MP: I think humor can make any type of movie or television show better. I’m a horror comedy person. Comedy definitely has a place in horror. And I know people hate that, but it makes it a bit more bearable to watch at times too. I think you need it.
VR: Yes, you need that comedic relief.
MP: Exactly. I’ve been sitting here scared for thirty minutes so it’s nice to be able to laugh afterward. We all have to take a second and laugh and enjoy everything around us.
Obviously on Instagram last year you did a bit of a road trip across the road trip across the US and journaled about your experiences on there. It was great to see someone taking the time to enjoy the areas they were visiting.
Was there anything in particular that pleasantly surprised you you weren’t expecting?
VR: That’s a really good question. I think the experience of road tripping in general. It’s a bit of a lonely experience, but you’re doing it for that reason, to see how you are in different scenarios and different situations. It’s always comforting to see what different cities offer because every city has a different flavor.
The feeling I got in Sedona was very different from the one I got in Santa Fe. I think it was just the essence of feeling the different feelings in those cities. I think in Santa Fe there was a really beautiful feeling of people coming together in a plaza, which I haven’t really seen a lot in the US. It’s a very South American thing, but that was there and people were masked up but still trying to be together.
I think that’s the essence of why I did it. With all the bits of talk in politics and news, I wanted to get my feet on the ground and to be like, ‘What’s happening with everyday people? What are they doing? What do we do when we encounter each other in real life?’
I wasn’t disappointed. I found a lot of kindness out of there, even though I encountered people I don’t share political views with. We were able to be very cordial to each other. I found a lot of kindness and I think that’s what I’ll take from it.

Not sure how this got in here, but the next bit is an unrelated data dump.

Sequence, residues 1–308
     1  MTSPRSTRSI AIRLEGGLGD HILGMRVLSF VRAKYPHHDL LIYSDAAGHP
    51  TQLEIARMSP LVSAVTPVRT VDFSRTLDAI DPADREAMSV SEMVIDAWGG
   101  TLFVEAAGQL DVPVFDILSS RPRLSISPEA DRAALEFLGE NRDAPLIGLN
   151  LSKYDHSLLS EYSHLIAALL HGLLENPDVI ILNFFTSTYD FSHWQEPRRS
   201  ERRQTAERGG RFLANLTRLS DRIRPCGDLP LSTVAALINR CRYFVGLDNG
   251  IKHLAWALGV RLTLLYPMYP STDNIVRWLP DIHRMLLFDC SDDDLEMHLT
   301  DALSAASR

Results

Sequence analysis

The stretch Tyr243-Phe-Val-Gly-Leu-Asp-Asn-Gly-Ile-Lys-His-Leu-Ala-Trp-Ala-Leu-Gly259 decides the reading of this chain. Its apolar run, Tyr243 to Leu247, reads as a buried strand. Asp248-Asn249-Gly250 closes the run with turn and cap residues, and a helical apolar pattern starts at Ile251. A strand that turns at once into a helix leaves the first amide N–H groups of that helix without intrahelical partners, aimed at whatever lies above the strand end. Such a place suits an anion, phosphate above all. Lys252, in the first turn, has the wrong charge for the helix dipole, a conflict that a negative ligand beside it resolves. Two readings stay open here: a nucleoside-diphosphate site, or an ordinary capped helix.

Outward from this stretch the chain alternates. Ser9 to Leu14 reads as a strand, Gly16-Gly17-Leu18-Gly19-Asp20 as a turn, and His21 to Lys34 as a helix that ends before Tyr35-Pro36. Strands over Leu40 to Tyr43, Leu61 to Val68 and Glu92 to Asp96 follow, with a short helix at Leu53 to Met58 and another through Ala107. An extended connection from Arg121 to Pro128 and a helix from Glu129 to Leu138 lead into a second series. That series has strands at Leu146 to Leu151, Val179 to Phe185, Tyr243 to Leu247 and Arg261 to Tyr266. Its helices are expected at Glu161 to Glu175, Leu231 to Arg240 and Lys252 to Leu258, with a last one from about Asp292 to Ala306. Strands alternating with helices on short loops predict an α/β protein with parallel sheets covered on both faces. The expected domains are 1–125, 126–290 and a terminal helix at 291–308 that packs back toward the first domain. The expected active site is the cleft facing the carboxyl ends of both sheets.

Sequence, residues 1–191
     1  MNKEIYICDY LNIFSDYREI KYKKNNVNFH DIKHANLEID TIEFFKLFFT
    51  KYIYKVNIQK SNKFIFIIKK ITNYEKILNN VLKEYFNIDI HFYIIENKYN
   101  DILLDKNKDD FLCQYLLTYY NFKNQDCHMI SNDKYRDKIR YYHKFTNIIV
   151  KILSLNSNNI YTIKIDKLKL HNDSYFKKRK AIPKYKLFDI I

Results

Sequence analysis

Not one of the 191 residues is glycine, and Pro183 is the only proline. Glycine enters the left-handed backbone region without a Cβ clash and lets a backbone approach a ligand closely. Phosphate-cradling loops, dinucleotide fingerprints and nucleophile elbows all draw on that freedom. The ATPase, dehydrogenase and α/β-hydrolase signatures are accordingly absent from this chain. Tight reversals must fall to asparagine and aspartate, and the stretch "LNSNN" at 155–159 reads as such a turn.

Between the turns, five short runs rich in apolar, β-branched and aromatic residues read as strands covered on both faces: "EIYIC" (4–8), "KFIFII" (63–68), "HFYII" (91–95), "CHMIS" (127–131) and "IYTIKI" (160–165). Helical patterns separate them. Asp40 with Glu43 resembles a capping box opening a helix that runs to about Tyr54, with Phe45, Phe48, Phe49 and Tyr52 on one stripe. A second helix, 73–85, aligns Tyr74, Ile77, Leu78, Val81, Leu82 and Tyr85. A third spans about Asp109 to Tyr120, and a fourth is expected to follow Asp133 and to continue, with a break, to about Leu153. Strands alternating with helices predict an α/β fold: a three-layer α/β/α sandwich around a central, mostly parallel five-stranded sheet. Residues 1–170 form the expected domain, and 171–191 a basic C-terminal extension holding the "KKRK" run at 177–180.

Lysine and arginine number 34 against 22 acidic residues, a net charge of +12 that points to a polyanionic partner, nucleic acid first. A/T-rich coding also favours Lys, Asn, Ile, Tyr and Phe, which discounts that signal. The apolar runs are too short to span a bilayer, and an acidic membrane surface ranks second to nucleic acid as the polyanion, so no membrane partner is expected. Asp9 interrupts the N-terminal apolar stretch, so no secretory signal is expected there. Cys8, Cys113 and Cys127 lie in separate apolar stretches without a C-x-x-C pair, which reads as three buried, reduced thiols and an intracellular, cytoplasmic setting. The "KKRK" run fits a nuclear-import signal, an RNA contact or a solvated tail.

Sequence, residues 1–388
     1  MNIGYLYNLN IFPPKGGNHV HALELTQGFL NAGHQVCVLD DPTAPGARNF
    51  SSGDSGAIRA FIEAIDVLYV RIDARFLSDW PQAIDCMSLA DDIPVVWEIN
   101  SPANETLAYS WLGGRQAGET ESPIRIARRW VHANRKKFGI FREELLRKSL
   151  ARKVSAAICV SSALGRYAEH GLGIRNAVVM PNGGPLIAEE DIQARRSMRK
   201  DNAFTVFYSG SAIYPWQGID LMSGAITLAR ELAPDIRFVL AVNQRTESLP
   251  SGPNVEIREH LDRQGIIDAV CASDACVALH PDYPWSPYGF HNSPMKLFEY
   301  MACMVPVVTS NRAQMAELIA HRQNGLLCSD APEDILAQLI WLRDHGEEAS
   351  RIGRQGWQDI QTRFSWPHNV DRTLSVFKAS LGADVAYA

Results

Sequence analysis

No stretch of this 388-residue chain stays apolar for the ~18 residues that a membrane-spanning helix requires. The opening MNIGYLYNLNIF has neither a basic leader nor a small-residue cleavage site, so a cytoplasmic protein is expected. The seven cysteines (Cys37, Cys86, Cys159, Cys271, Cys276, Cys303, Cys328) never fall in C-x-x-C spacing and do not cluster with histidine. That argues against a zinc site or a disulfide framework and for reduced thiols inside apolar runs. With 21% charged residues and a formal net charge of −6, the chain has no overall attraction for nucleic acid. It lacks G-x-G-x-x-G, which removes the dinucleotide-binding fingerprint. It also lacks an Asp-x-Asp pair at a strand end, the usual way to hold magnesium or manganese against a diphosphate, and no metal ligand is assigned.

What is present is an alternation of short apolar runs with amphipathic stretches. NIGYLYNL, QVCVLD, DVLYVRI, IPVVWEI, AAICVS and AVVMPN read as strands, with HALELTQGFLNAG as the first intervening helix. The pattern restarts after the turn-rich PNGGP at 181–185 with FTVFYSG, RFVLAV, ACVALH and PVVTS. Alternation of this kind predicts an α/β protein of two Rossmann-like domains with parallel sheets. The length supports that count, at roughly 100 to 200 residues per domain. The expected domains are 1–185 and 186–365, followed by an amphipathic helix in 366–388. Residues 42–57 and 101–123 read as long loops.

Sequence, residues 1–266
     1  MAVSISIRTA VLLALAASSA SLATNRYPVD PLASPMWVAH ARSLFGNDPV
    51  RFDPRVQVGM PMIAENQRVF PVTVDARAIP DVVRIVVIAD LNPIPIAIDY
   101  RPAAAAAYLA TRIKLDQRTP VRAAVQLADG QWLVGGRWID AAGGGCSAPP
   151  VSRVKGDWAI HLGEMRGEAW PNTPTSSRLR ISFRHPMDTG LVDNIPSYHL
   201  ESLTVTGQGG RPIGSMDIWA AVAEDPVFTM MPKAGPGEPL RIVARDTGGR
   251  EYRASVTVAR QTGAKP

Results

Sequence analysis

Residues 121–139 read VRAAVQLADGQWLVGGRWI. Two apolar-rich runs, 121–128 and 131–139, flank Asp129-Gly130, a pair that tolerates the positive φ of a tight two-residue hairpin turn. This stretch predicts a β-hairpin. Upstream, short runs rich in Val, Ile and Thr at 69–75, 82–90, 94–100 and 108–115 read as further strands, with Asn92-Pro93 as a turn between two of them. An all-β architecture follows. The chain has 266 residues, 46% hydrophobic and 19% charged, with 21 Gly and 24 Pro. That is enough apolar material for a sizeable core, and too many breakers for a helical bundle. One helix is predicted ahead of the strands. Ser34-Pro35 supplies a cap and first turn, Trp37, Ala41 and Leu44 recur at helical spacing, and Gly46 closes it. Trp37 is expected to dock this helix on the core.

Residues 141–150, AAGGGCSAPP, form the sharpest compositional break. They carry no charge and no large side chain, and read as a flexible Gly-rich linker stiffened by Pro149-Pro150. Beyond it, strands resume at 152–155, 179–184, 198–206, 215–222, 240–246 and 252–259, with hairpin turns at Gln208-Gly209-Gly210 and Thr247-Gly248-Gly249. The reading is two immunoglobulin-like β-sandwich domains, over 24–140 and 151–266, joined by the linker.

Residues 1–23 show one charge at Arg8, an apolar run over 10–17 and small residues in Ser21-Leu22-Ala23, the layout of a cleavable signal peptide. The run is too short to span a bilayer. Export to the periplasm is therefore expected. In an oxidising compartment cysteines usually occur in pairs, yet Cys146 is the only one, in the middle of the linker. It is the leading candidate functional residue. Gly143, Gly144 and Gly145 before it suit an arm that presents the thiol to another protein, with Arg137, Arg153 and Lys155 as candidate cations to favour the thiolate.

MP: I think a lot of times people don’t want to look at the gratitude in their day and I think the way you summed that up is the perfect way to sum it up. We have to start looking for the kindness and compassion that other people have.
VR: Right. Exactly. There’s so many stories that you can fill your head with before you go into a place. I was weirdly frightened to go to Tulsa because I was reading about the history of racism and the terrible things that happened there. I went to this beautiful museum there. It confronted some of that history and it was hard to be in those spaces, but I’m here and there’s other people here. Sometimes you just have to go there and see how you feel when you’re actually there.
MP: I completely understand what you’re saying. In my case I didn’t go anywhere, but I read the book White Fragility last year and while it was the hardest book I’ve probably ever read, I don’t regret it. Because I think if we don’t educate ourselves about these matters, and like you said, don’t just go, we’re going to be in the same place thirty years from now.
VR: Right, exactly.
MP: I think a lot of people unfortunately have a bias in some regard. So like you were saying earlier you have to break that bias and break down that wall and start understanding, which is what you did in Tulsa.
VR: Right and there’s a bit of that in me sometimes because I try to keep myself creatively hungry, fulfilled and churning. Sometimes going toward what we fear can surprise us with what it actually is. It’s how we grow.
MP: And obviously in this case, with this road trip, there are many pictures that fans can view on your Instagram, if they have not already from this road trip, but I have to ask a question as an avid reader. Are these moments something you want to develop more in depth in a book for fellow readers?
VR: Oh my god, that’s a wonderful idea. That would be lovely. As an actor, you’re called onto these different sets and your personal life kind of gets thrown up into the air. I was trying to lean into that more and be like, ‘Okay so if life is asking for more flexibility in that sense from me, let me do it. Let me dive in.’ That would be such a lovely idea to document. I’m a very visual person as well. I think a lot of people are and I think we can appreciate that even though a lot of things in 2020 seems to be closing in. We have to take a breath of fresh air and look at everything around us and realize that we live on a beautiful planet.
MP: Exactly, beautiful planet, beautiful people.
MP: It’s not as all bad as it’s been made out to be in the past two years.
VR: Yeah, exactly. There’s plenty of air out there.